What makes an effective food trend? Lisa Hamilton tells us about the fight over quinoa in Bolivia. Plus, Jonathan Gold tries a new great spot for paella in L.A.
Highlights from this week’s show:
1. What Makes a Food Trend?–David Sax talks about what makes a food trend stick. Plus, Evan Kleiman and Jonathan Gold sample chia pudding–one of L.A.’s current food trends– and share their thoughts.
2. The Fight Over Quinoa–Lisa Hamilton investigated the worldwide fight over the genetic resources of Quinoa for an article in Harpers Magazine earlier this year.
3. Drinking on the Cheap in Vietnam–Independent producer Christopher Johnson explores drinking culture in Vietnam. Specifically, he looks at the wildly popular Bia Hoi, a draft beer in Vietnam that contains no preservatives.
This segment was made possible by KCRW’s Independent Producer Project.
4. Geography of Tea–The geography of coffee is a frequent discussion among aficionados, but tea production has equivalent distinctions that aren’t as often recognized. California-born, fourth generation, Charlene Wang, has traveled extensively through Asia and this week on the show she shares the subtle and dramatic differences of the tea-growing regions.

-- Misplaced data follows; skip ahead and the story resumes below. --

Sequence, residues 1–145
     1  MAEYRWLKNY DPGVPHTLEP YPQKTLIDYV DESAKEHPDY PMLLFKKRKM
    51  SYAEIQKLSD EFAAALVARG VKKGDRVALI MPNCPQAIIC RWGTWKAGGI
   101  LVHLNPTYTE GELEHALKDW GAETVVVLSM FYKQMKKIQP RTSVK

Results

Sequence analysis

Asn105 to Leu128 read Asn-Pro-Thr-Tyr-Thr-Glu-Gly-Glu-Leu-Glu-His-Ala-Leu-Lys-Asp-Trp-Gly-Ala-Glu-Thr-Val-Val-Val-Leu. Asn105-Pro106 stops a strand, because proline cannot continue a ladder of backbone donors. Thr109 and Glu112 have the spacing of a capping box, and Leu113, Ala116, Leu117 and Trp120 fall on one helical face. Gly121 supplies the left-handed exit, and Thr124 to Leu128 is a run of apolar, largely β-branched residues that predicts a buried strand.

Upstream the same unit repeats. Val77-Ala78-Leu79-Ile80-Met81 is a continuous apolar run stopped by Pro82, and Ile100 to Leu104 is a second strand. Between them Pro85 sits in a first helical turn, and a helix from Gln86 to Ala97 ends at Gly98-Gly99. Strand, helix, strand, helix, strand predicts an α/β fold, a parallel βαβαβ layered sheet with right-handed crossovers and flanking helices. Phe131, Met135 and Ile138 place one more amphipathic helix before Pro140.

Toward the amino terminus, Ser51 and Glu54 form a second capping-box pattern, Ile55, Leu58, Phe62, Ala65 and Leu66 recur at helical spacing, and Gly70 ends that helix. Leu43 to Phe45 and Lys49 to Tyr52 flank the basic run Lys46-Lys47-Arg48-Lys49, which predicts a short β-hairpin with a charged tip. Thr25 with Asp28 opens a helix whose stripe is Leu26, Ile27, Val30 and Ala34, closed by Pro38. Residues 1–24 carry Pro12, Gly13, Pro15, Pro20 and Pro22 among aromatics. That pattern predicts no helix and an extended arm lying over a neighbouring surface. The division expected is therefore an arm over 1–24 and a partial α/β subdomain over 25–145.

5. Jonathan Gold Reviews smoke.oil.salt–Jonathan Gold is the Pulitzer Prize-winning food writer for the Los Angeles Times. This week he reviews smoke.oil.salt, a new Spanish restaurant from Chef Perfecto Rocher on Melrose. Jonathan recommends you go on Sundays, the only night of the week that they serve paella.
Jonathan recommends the Valencian tripe stew, espencat de moixama, seafood salpicon in horchata, artichoke omelet, grilled quail with lentils and chickpeas, grilled Iberico pork with smoked green onions, paella.
7274 Melrose Ave
All of Jonathan Gold’s restaurant recommendations are on the Good Food restaurant map.
6. Market Report–Laura Avery talks to Elizabeth Poett of Rancho San Julian in Lompoc about how the drought is affecting cattle ranchers.
Farmer Oliver Woolley has been coming to the Santa Monica Farmers Market for many years selling proteas, and a couple of years he shifted to the heritage pork breeding business. He talks about why he made the change.